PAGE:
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Old 16th March 2021, 02:34 PM   #1
David R
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Default Help and comments on an Axe head

I bought this years ago from a dealer in oddments and antiques. Evidently of some age, hand forged in the classic wrap around construction. If it had not a makers stamp I would have judged it to be Medieval, any ideas?
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Old 16th March 2021, 11:08 PM   #2
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Hello David and good to see you on this side of the Forum! I'm no expert, but I think these are Spanish 'Biscayne'-type trade ax heads. I know they look like early Viking pieces, but I've seen the early Spanish types with this pattern. See 'Swords and Blades of the American Revolution', Neumann, pg 262, example 16A. They have what I call a 'droopy' blade. There are Iroquois axes with similar blades, but I think this is a trade blade. There was a wide time period for this, from the 1600's literally up to about 1850. Where did you find it?
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Old 17th March 2021, 12:06 AM   #3
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It being a trade axe makes a lot of sense, and explains the simple fabrication and old style shape. Thank you!.

I bought it off a stall at a reenactment fair. The vendor known as "Bodger" dealt in all sorts of stuff, broken sword blades,axes, daggers and whatever. His stock was a mix of random antiques, remounted blades and bespoke reproductions. It was always worth a trawl over his table.
This one had a literal branch stuffed in it as a handle..... and I do mean a branch, not a decent piece of branch wood as you see on ethnic items.
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Old 17th March 2021, 12:23 AM   #4
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Ha! It's always incredible where some of this stuff turns up! As it is a Spanish trade item, I'm guessing it to be around 1800 or so, assuming it was over here and not in one of the numerous other Spanish colonial trade spots. Before the Mexican Revolution, such items were still being brought over. I usually don't like seeing rough items with maker's marks, but for trade items, it's a whole different story for collectors. One can possibly research and find where the item was made, when it was smithed, etc. My Native American knife I posted recently has an illegible trade maker mark. You will note yours has a steel bit, so it was better quality. The eye being triangle-shaped and blunt on one side puts this one in the 'pole ax' category, even though it doesn't have the classic hammer-style extension. Nice find for a Renaissance Fair!!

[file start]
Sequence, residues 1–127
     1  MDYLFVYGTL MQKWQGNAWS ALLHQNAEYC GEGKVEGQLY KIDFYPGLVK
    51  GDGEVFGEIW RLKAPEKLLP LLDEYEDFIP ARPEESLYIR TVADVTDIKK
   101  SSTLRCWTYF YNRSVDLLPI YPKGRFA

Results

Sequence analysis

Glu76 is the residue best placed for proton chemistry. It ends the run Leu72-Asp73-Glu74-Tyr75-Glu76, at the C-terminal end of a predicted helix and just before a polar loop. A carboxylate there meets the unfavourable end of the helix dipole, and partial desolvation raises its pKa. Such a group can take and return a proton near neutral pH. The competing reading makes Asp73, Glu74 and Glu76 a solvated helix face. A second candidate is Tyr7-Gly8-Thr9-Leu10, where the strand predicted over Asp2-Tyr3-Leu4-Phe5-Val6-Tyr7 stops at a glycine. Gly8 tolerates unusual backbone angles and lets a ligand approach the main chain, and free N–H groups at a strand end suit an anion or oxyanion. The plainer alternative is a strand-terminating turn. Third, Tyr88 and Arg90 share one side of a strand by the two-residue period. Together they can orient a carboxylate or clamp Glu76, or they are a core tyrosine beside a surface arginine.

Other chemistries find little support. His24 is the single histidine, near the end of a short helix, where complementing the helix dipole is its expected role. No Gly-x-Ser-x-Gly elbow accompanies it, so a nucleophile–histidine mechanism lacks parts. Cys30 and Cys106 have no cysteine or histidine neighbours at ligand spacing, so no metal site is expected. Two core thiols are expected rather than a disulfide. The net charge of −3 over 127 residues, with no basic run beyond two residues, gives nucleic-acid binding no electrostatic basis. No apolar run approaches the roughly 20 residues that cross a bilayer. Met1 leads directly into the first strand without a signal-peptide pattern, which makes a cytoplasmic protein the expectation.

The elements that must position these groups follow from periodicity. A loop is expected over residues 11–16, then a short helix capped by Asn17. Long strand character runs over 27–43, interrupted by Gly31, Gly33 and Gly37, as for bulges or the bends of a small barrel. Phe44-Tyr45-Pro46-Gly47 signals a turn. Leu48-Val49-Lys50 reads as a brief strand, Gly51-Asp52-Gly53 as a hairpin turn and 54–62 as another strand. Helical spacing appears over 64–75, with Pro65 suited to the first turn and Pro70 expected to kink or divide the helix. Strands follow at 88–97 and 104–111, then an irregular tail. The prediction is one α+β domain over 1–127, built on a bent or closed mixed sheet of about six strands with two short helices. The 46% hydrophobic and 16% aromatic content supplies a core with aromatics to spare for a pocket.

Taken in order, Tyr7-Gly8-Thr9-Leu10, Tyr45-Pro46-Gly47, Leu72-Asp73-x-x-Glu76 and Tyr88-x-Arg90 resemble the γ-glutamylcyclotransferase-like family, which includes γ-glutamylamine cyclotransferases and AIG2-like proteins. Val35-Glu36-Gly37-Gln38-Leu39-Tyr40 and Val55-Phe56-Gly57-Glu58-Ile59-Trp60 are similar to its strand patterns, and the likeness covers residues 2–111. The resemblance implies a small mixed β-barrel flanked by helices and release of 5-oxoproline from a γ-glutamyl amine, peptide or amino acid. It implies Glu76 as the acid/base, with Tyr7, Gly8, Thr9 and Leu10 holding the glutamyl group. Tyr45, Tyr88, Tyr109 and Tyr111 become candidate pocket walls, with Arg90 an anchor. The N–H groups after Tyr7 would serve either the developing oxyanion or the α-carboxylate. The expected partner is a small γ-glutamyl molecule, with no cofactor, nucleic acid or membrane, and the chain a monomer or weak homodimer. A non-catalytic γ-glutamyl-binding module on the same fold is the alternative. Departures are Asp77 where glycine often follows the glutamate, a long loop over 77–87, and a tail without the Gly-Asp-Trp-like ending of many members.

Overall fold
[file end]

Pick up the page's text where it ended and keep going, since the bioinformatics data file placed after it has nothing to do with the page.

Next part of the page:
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Old 17th March 2021, 10:52 AM   #5
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"Ha! It's always incredible where some of this stuff turns up! As it is a Spanish trade item, I'm guessing it to be around 1800 or so, assuming it was over here and not in one of the numerous other Spanish colonial trade spots. Before the Mexican Revolution, such items were still being brought over"

Well,in my case "over here" is the United Kingdom" so goodness knows how it got here, knowing Bodger he could have bought it in Spain. More likely though from a dealer or fair in one of our port cities like Bristol or Colchester......
That said he regularly went on fishing holidays in West Africa!
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Old 17th March 2021, 01:00 PM   #6
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David, can't you work out what those letters on the blade are ?
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Old 17th March 2021, 01:36 PM   #7
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Quote:
Originally Posted by fernando
David, can't you work out what those letters on the blade are ?
Some but not all... it looks like, < ?ARENC> (or ?ARENG) and underneath DARIED or perhaps OARIEO.

They are somewhat obscured by oxidation, and my eyes are not what they were, even using a lense.

It is, as an aside a very sharp axe. I used it as my camp axe on a few occasions.
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Old 17th March 2021, 06:46 PM   #8